Measurement Advances, Partnerships Multiply As ATV Takes Hold

As advanced TV… well, advances … each week brings a batch of announcements about partnerships and new and enhanced solutions in this sector.

While it’s not possible or desirable to cover all of these, it seems worth highlighting some of the most notable here on occasion, given that evolving technologies and capabilities — and intensified competition among vendors as well as publishers — are so integral to this still-nascent business.

This week is such an occasion. One reason is that it brought more significant news on the ATV measurement front: Nielsen’s extension of its Subscription Video on Demand Content Ratings solution to Amazon Prime Video.

Nielsen launched SVOD ratings two years ago for NBCUniversal, Disney-ABC, A+E Networks, Lionsgate and other broadcast clients that wanted to be able to quantify their streaming content viewership. Last year, Nielsen added Netflix to the SVOD measurement program.

The data come from a segment of Nielsen’s national TV panel who have connected TVs or smart devices and are willing to have their SVOD viewing time tracked. (Nielsen hasn't disclosed much else about them.)



Connected TV and smart devices represent about 75% of all video stream viewing in the U.S.

Netflix has questioned Nielsen's SVOD results, in part because they don’t include streams from mobile devices or PCs. But some say that even the mobile source isn’t that significant yet, and suggest that Nielsen’s numbers are likely pretty accurate. (For instance, they confirmed Netflix’s viewership claims about its movie “Bird Box,” Variety reported in January.)

And at this point, any new insights into SVOD users are welcome, given that Amazon and other SVODs rarely release viewership data. According to Nielsen, clients will have access to their own content data and the content data for competitive media content, including streamed, live, content-shifted and video-on-demand.

“This is a significant milestone for Nielsen, especially considering the upcoming high-profile streaming service launches,” Nielsen’s SVP of Product Leadership, Brian Fuhrer, summed up in the announcement. “We think the addition of Amazon Prime Video will allow rights owners an added ability to understand both the size, as well as the composition, of their streaming audiences relative to other platforms or programs.”

James Petretti, SVP of global production and U.S research at Sony Pictures Television, said the Nielsen data will allow the studio to understand how programs perform on ad-supported OTT and on-demand TV and what audiences they attract, as well as analyze how linear TV ads drive audiences to programs on paid streaming services.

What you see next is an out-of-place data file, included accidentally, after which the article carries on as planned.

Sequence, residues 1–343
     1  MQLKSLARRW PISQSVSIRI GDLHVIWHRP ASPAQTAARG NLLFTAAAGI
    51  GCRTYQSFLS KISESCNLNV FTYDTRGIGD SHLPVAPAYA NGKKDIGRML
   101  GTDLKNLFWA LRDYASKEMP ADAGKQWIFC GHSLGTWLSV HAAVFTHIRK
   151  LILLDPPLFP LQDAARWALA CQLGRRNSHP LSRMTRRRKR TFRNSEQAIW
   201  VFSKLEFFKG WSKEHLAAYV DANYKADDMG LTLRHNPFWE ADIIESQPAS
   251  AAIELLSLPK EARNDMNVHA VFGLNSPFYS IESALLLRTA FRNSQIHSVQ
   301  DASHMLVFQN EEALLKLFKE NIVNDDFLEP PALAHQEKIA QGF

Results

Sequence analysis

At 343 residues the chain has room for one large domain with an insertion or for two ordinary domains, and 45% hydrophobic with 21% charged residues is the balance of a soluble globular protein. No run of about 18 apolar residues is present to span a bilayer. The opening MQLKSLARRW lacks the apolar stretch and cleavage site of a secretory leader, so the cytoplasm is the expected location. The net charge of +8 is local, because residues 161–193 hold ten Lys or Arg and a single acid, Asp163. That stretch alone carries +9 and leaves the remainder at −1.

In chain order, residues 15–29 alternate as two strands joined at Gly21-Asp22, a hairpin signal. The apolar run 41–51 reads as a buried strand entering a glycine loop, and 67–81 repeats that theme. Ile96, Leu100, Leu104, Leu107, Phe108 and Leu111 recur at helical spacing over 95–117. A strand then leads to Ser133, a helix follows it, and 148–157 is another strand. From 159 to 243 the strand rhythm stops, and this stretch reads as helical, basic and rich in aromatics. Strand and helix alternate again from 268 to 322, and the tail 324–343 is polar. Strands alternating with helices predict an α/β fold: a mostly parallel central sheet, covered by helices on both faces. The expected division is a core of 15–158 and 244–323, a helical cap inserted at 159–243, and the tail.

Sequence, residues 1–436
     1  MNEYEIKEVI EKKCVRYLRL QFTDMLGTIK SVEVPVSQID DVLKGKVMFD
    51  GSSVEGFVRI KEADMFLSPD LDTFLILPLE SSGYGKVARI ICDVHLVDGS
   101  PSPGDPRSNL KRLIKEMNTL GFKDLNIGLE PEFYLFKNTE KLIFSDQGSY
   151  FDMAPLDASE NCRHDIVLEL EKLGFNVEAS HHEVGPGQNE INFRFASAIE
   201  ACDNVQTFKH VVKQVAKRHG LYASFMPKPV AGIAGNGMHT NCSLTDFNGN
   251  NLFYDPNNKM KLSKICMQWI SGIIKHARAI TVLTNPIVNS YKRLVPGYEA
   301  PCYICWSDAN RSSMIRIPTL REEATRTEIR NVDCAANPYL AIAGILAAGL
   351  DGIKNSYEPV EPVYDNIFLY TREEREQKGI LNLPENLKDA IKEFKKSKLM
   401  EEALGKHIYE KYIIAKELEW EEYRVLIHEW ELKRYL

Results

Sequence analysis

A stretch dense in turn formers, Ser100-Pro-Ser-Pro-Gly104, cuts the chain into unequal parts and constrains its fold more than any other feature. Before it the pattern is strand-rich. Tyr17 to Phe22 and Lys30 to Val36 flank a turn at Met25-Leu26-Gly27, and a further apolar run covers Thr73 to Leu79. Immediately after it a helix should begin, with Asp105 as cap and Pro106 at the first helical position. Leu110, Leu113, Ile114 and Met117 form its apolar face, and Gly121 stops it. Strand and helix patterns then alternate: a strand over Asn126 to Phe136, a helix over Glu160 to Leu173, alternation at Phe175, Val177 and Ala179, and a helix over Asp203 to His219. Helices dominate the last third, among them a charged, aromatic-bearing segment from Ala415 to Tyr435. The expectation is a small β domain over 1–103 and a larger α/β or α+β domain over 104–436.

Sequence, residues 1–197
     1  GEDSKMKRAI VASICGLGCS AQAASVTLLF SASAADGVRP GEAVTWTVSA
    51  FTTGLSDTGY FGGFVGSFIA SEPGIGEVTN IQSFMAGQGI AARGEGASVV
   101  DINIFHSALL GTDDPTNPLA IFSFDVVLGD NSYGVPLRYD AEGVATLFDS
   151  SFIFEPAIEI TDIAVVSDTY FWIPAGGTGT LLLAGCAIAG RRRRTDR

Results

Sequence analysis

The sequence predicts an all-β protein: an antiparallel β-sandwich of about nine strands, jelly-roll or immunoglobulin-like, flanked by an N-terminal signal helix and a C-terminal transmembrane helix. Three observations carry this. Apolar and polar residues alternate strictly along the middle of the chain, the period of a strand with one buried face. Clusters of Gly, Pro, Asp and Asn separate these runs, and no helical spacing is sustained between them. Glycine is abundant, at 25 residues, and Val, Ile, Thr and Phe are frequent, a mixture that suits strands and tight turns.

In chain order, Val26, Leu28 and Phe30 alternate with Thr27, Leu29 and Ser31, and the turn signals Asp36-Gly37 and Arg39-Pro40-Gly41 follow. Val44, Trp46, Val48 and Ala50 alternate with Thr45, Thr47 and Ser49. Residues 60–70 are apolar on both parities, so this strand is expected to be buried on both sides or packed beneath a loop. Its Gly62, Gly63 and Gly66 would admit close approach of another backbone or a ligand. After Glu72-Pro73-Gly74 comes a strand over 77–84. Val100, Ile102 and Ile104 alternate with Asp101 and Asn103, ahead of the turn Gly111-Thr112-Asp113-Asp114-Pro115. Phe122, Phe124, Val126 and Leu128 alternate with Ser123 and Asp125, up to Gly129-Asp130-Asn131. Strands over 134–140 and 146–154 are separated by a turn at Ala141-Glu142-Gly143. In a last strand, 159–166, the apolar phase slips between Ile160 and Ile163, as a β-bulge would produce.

“I see this as a long-term play by Amazon to change the way advertisers view them as a player in the video landscape,” says Dave Morgan, president of Simulmedia. “Showing its viewership numbers on the ad-free Prime Video platform can help Amazon demonstrate the scale it’s building relative to ad-supported video, including TV. And that can only help sales of OTT ads for their ad-supported Fire TV and IMDb platforms.”

Interestingly, back in 2017, Nielsen was talking about adding Hulu, as well as Amazon, to the SVOD Content Ratings...

In other measurement news this week, CTV/OTT ad platform Premion announced that its OTT offering -- including individual-level reach, co-viewing insights and demographics -- will be measured by Comscore’s cross-platform video campaign ratings tool.

There was also some significant news on the OTT platform front, as Roku -- which had 30.5 million active accounts as of June -- announced its acquisition of demand-side platform Dataxu for $150 million in cash and stock.

Dataxu provides marketers with an automated bidding, self-serve platform for managing advertising campaigns programmatically across digital platforms.

The acquisition is designed to position Roku — which had more than 30.5 million active accounts as of June — as a more full-service platform that can better compete with other major OTT platforms, including The Trade Desk and Amazon Fire TV, with 34 million users and its own DSP.

Amazon Fire TV recently began letting video publishers sell advertising through Dataxu and The Trade Desk , as well as its own DSP. 

On the evolving privacy front, the connected-TV data-management/targeting platform Tru Optik announced that it will roll out a free privacy-compliance solution for CTV and advanced TV in beta in the fourth quarter, and make it generally available in 2020.

Called Privacy.TV, it will allow OTT publishers, ad tech platforms, data providers and device manufacturers to offer OTT users opt-out and data transparency capabilities, including a disclosure statement and the ability to correct their profiles, according to Tru Optik.

Why offer this free? “The biggest threat to the growth of audience targeting across connected TV is from publishers, device ad networks, ad tech platforms or brands misusing data or not being able to provide the transparency and privacy control options consumers need,” Tru Optik CEO Andre Swanston tells ATV Insider. “Lack of privacy controls increase the odds of onerous legislation that can hurt the entire industry, including us.”

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